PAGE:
Some of Sue Lacoste’s happiest memories of growing up in La Crosse include Myrick Park.
“Everything about it was like a little mini-amusement park and there was something for everyone,” Lacoste said.
Lacoste serves as president of the Myrick Park Community group, which is spearheading an effort to restore the historic duck house in the park. She presented the plans for the about $200,000 renovation Thursday to the city’s Board of Park Commissioners.
“We’d really love to start this year. It’d be so awesome if a big donor would step up and give us a nice-sized donation,” Lacoste said.
The group has been working since 2015 to restore the park to its former glory, before the Myrick Park Zoo closed in 2007.
“Most of us in La Crosse grew up here. We know what it was like for our childhood to go down there and hear the bells ringing on them boats and the zoo,” Lacoste said. “Almost everybody you talk to, their fondest memories are Myrick Park, period. It was a place where people went with their families.”
The group hopes to foster that family tradition.
“I’d like to be able to take my grandson there,” vice president Margaret Strasser said.
Preliminary plans for the second phase include an all abilities playground, rides like there were in years past and maybe a petting zoo building.
“Zoo will be last,” Lacoste said.
The Myrick Park Community group decided to start with the duck house as a way to tie in the history of the city park, which was named after La Crosse founder Nathan Myrick. The duck house has been deemed historical by the city’s Heritage Preservation Commission.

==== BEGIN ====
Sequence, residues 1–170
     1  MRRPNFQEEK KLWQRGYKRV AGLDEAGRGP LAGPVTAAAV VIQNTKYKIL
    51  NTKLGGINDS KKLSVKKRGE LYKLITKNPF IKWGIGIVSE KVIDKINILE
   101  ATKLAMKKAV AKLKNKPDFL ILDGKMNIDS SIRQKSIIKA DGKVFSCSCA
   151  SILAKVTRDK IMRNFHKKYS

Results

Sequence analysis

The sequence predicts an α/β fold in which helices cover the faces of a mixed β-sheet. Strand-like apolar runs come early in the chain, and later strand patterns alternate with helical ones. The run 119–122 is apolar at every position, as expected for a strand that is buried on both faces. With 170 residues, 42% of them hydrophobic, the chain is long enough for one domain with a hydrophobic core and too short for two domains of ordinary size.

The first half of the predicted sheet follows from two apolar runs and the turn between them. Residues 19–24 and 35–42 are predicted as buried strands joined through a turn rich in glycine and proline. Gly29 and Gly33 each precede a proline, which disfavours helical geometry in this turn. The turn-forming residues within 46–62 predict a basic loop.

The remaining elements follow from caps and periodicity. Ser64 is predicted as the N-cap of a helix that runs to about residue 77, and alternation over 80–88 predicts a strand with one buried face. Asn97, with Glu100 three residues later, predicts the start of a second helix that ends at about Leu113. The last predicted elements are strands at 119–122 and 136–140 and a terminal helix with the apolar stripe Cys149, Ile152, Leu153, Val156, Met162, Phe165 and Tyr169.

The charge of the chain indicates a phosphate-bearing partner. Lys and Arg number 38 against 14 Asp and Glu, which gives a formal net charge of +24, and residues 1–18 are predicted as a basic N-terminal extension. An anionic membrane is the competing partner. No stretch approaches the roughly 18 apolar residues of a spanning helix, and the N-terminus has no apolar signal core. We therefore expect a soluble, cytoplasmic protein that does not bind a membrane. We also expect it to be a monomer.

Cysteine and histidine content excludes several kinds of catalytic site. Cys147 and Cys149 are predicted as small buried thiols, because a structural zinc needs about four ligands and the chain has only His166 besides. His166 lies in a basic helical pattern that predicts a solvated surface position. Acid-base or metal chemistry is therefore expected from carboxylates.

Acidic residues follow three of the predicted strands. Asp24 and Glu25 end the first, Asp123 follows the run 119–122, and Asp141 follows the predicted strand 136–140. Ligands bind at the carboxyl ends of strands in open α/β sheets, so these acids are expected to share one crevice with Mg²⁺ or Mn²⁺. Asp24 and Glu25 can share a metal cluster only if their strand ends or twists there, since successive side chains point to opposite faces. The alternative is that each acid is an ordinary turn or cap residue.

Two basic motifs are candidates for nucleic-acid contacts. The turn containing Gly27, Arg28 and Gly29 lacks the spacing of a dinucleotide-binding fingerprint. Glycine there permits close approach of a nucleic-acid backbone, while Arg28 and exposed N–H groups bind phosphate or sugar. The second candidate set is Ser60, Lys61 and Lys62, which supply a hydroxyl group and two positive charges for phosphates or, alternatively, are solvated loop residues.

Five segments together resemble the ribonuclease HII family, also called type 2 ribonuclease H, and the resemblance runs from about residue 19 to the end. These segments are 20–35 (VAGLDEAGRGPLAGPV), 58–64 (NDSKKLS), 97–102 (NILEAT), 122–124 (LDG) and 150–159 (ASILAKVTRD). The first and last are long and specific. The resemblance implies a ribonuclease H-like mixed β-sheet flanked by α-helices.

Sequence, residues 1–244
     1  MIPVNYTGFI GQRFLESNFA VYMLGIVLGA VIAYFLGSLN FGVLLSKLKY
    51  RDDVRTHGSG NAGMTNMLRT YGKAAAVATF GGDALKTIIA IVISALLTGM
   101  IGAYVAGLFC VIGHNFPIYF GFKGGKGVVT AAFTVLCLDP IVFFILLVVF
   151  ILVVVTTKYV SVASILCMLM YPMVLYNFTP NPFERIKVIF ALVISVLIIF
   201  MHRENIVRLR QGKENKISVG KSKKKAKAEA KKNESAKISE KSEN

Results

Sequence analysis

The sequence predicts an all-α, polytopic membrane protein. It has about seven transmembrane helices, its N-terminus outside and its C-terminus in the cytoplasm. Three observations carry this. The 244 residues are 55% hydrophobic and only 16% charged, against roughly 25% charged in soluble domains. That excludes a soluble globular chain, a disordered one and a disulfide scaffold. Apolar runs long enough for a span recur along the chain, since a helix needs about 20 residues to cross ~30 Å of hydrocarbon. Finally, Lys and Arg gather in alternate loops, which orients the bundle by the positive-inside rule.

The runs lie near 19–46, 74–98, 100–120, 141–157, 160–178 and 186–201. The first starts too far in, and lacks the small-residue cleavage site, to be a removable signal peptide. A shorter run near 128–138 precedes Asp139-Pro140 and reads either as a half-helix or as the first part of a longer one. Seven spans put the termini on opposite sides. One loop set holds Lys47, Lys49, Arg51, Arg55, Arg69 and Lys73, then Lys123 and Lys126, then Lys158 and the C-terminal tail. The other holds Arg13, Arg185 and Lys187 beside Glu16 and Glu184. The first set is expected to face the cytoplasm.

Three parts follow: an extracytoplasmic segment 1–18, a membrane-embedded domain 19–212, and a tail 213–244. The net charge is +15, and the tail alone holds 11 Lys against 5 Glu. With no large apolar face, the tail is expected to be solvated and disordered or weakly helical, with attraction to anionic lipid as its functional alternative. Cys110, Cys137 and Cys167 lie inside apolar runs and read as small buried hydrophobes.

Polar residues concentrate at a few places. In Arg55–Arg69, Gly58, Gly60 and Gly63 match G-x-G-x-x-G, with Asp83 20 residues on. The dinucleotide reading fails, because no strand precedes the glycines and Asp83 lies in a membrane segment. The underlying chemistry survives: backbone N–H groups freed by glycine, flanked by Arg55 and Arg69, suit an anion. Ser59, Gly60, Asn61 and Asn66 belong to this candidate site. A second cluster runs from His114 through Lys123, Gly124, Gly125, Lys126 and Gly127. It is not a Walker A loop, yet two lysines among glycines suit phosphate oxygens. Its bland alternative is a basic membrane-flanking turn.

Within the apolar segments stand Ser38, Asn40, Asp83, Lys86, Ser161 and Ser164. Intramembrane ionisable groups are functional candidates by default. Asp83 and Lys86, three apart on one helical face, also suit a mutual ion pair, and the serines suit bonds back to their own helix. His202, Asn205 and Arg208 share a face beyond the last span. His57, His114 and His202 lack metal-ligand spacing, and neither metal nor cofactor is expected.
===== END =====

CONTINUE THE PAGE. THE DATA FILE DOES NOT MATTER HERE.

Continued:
“It’s not going anywhere and you can’t find that kind of architecture, as far as the rock and the way the building was built, anywhere anymore,” Strasser said.
You have free articles remaining.
Also included in the project will be a koi pond put in by Peaceful Falls. Owner John Tellier said the pond would be lined and include a cleaning and filtration system, as well as a system to allow the fish to remain over the winter. Maintenance would be done by volunteers with Myrick Park Community.
The purpose of the bond and duck house would be to attract ducks that are already in the area to the park.
They started out with bids above $300,000, but those numbers have gone down as local companies stepped up to help. Peaceful Falls, Strupp Trucking and Phillips Fencing all agreed to provide services at reduced rates.
In particular, Jon Papenfuss has been a huge help, Lacoste said. He did a rendering for the design based on Otto Merman’s original drawings, which saved the group $10,000.
The cost is now down to $206,499, which she said would cover the renovation as well as signs warning against feeding the ducks bread and possibly a plaque honoring Merman.
The group is raising money and applying for grants to pay for the project, and Lacoste hopes the city of La Crosse will chip in $100,000 in capital improvement funds as well.
“If we get all of the grants we’re applying for approved this year, we’d be able to start this year, so we’re praying for that,” Lacoste said.
The designs will need to be approved by the city’s engineering department and parks board before the project can move forward.
The parks board Thursday asked the group to keep in mind the environmental impact, operating costs and any costs associated with future repairs.